I will share six of the 13 Reasons that Kukral writes about that I pulled from his article — these six reasons should really send a message to nonprofit Board Members. It’s interesting that many of those points are the same points I have been addressing in many of my articles. Do you think I’ll say “I TOLD YOU SO” at the end of my article?

Negativity: You may not realize it, but the people you associate with might be negative…They could be soul-sucking beings who don’t want anyone to be successful. Get rid of them, now! Surround yourself with successful people. People you want to be like.

Stop Thinking: How much do you want to bet you have paralysis by analysis? You think way too much about what you could or should do. Doers get what they want, and everyone else gets what they get. Stop analyzing and start doing.

No Goals: You plan nothing. You believe that someway, somehow, everything you always wanted will just magically happen. So you “play it by ear” and wait. You need goals to shoot for. Otherwise, you’re just treading water.?

They: There’s no “they”. There’s no secret group of people that controls your success or failure. You’ve made that up to make you feel better about yourself. The truth is you, and you alone, control your success in life/business/everything. It’s easy to blame “them” though, isn’t it? Weak.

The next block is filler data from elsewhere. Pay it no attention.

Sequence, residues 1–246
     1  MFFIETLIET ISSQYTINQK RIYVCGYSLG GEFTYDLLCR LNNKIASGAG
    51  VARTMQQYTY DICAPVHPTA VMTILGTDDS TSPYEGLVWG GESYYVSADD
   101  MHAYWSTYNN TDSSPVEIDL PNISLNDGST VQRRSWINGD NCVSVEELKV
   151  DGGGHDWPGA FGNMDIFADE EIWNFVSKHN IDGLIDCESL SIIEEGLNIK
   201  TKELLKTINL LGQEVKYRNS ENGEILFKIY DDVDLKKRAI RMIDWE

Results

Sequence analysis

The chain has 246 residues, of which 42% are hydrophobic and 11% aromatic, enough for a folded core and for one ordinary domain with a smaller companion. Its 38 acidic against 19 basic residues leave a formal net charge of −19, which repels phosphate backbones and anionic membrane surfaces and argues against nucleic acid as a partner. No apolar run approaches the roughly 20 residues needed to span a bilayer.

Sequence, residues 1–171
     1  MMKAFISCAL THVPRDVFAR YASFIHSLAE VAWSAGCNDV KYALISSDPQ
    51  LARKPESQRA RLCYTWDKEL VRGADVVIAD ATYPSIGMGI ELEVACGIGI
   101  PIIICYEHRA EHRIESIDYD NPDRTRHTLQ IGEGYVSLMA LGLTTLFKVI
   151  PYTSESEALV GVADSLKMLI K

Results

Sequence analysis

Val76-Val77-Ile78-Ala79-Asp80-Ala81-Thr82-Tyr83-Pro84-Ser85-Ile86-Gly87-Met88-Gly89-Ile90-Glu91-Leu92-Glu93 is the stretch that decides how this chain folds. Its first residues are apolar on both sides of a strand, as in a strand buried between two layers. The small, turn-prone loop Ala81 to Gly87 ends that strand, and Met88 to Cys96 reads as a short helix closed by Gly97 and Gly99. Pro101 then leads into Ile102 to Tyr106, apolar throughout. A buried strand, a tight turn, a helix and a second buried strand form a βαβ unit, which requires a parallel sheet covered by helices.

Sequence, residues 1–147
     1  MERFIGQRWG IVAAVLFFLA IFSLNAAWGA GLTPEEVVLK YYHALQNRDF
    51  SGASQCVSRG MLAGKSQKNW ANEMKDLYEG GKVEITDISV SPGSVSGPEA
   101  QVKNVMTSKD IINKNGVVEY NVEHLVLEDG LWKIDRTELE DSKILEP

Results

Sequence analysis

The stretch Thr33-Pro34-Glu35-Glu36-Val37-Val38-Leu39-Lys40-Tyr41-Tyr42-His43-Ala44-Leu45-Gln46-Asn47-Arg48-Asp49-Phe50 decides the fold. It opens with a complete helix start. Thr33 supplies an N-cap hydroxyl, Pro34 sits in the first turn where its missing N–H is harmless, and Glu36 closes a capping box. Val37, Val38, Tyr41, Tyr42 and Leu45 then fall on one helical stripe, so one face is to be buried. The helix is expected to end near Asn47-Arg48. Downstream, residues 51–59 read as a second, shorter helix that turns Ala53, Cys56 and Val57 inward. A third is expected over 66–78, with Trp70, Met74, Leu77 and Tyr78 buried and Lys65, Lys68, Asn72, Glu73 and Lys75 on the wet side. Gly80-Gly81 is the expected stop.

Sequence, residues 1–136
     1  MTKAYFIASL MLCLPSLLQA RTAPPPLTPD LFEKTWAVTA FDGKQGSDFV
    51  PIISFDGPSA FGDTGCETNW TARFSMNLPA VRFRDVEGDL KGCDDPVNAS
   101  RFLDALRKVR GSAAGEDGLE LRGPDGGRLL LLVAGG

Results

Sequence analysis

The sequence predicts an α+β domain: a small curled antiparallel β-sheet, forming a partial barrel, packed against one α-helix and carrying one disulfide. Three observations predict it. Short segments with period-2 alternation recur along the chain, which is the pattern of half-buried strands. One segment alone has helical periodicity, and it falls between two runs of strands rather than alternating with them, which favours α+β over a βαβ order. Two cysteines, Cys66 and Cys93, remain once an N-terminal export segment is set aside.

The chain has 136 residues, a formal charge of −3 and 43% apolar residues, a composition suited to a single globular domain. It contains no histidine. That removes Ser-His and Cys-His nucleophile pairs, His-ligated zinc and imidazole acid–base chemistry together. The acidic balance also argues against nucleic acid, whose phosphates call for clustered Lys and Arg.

Time Waste: You’re a classic time-waster. You spend hours and hours every day working on not-working. You do things that aren’t productive. How are you ever going to get anything done, or reach any goal if you keep wasting time? You’re not. So you might as well give up now if you’re going to keep this path.

Think Small: You think way too small. You are constantly looking only a day or a week ahead instead of years ahead. Because of this, you never get anywhere, and you never lead; you always follow.

Many of the points that Kukral addresses regarding small business owners apply to those in all walks of life. Oh, and here’s the big

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“OUCH”: Those negative characteristics carry over, naturally, to the nonprofit sector. Yes, if a person exhibits those reasons outside the nonprofit sector, what makes one think they won’t be carried over to their board of director responsibilities? And do you know what that snowball effect will cause? Well, read my article on “Patrick Lencioni’s The Five Dysfunctions of a Team.” SEE! I told you so!

By Joseph John

*Check out Kukral’s publications at